Working with a narcissistic boss

Wednesday 18 July 2018
Elizabeth Williamson's picture
Elizabeth Williamson
Conflict Management Specialist

One of the most frequent problems in corporate counselling services is significant psychological damage from micro-managing, hypervigilant and narcissistic managers.

But, there’s a common mistake people make when trying to deal with those volatile, often unpredictably aggressive managers: it’s using logic and reason to try to engage with someone who is largely irrational and emotionally driven.

Picture that time at work when you used rational explanations for a good business case, only to find you were humiliated in a meeting or received an abrupt, angry email. Unsure why your boss would be making accusations of you undermining their authority, you now find you’re being targeted, and they are on the defensive. 
Dealing with your narcissistic boss can be difficult, but not impossible.

Your narcissistic boss’ defensive behaviours can derail your attempts to manage the situation and give more ammunition to these personalised attacks. To make sure you don’t fall into defensiveness, avoid these three common errors:

1. Don’t Do This: Prepare logical, detailed explanations to try to justify your idea or position. Don’t apologise or cajole. Your explanation is not the issue and your manager will not be listening to consider options or be convinced – rather they are likely to be making notes about how to crush any attention, and retaliate. The more you over-explain, the more likely they will find opportunity to use this to humiliate you or exhaust you to prove this evidence and proceed on their self-aggrandising strategy. 

Do This: Stay concise and put forward limited, information only statements. Frame issues to support their position and status, especially to level up leadership. You may have to accept that your ideas will become theirs in due course. It’ not ideal but more likely to keep you safer.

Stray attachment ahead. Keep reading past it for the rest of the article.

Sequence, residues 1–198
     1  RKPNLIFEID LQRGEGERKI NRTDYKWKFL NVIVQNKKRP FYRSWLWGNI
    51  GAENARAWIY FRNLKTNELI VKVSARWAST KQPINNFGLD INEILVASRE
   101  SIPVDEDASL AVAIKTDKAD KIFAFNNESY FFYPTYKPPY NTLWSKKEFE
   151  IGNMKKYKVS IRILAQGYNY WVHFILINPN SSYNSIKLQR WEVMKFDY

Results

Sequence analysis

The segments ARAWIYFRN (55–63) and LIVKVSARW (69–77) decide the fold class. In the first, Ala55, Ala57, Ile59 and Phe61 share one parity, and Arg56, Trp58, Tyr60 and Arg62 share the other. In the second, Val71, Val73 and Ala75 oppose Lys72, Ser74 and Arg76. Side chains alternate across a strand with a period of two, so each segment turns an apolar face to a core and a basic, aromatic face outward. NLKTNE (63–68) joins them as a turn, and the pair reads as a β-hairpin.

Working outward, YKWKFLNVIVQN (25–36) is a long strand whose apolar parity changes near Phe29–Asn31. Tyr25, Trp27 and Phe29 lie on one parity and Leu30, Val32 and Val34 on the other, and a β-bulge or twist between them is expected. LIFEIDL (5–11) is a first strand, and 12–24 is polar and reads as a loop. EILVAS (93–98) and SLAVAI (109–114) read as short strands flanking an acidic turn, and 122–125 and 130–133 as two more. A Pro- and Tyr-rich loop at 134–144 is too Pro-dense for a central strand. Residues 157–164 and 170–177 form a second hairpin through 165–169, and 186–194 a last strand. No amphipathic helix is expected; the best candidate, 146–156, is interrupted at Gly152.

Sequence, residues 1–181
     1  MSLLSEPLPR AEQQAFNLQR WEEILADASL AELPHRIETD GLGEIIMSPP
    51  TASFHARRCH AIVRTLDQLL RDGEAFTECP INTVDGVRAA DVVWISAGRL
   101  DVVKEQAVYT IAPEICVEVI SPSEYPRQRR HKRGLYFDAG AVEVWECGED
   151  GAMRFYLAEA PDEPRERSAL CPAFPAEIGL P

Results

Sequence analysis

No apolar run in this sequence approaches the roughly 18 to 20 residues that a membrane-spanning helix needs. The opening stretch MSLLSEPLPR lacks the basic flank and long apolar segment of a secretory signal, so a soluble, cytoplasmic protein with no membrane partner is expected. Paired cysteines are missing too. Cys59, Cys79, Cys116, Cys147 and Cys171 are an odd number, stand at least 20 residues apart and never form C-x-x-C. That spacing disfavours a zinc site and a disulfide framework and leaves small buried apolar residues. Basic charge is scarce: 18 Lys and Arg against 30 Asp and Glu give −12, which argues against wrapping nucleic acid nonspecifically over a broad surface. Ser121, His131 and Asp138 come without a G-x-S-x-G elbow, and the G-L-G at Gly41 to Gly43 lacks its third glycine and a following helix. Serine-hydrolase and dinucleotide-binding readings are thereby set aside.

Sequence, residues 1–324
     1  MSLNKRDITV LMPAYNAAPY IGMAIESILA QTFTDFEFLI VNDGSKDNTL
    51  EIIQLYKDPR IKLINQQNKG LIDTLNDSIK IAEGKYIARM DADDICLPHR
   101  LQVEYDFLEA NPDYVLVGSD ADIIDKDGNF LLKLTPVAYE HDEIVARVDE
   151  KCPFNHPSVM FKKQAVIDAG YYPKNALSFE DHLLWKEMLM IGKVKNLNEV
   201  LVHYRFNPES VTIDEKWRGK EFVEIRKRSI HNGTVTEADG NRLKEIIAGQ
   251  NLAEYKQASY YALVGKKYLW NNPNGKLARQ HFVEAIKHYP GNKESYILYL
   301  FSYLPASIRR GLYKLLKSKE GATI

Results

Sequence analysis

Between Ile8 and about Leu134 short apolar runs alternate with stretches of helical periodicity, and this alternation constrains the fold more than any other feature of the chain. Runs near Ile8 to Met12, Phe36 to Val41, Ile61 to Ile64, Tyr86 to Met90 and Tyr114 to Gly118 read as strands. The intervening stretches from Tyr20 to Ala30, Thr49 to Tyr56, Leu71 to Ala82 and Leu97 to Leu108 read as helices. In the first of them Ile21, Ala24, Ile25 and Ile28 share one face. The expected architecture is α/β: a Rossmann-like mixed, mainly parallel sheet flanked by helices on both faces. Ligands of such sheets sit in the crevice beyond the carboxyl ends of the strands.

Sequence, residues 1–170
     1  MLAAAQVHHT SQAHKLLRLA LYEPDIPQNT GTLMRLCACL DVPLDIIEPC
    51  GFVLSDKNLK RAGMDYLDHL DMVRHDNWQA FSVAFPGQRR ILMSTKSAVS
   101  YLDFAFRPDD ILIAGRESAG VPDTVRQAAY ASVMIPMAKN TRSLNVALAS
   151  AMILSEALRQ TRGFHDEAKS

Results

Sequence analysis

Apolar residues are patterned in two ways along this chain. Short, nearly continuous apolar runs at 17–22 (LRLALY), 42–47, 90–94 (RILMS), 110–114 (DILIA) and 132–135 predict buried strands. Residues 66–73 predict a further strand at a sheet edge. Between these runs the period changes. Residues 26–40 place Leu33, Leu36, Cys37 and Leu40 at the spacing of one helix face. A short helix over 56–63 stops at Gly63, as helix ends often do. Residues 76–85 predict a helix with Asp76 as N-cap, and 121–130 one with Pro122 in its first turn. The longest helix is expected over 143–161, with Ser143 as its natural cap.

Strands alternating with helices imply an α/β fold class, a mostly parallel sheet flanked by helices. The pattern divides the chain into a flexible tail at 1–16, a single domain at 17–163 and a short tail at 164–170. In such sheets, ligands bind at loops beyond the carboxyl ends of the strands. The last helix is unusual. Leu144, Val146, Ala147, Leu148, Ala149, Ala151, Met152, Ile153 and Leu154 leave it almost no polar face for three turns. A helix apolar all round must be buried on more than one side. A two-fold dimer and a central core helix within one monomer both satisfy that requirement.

2. Don’t Do This: Point out flaws in their logic, (or ill-logic). Your comments will be seen as criticism and therefore as counter-attack. It will be potential for game-on and all-out war. Narcissistic people don’t give ground. They hold long grudges. Narcissists lack insight into their thinking and behaviours, and often become agitated and aggressive if they perceive disagreement will threaten their position. 

Do This: Stay personable and professional at all times; avoid tit for tat. Present the information or actions you are responsible for and outline these with clear limits. Identify a possible gap or risk without attributing responsibility or strategy to resolve this, unless requested. Demonstrate the gap. Leave the solution to the person responsible: your manager.

3. Don’t Do This: Complain about the process. Invite a reflective conversation about how things could be improved in your working relationship. When the subject matter involves empathy or emotions, you’re in big trouble. Narcissists are not motivated by care and are likely to be frustrated and retaliate if the focus of attention moves from their needs to yours. 

Do This: Let HR know about these issues. Set your limits about the settings and amount of engagement that is safe. Find a colleague who can help you step back and observe this dynamic more calmly. Find a skilled counsellor to debrief with, or conflict coach to set strategies to manage the particular behaviours that you’re being manipulated by.

Elizabeth Williamson is a highly respected relationship skills and conflict management specialist with more than 30 years’ experience working as a leadership consultant, couples and family therapist, and nationally accredited mediator. She has facilitated complex workplace mediations for major banks such as CBA, retailers including a national cosmetic brand, government departments including Education Department, SMEs and NGOs. Find her here.

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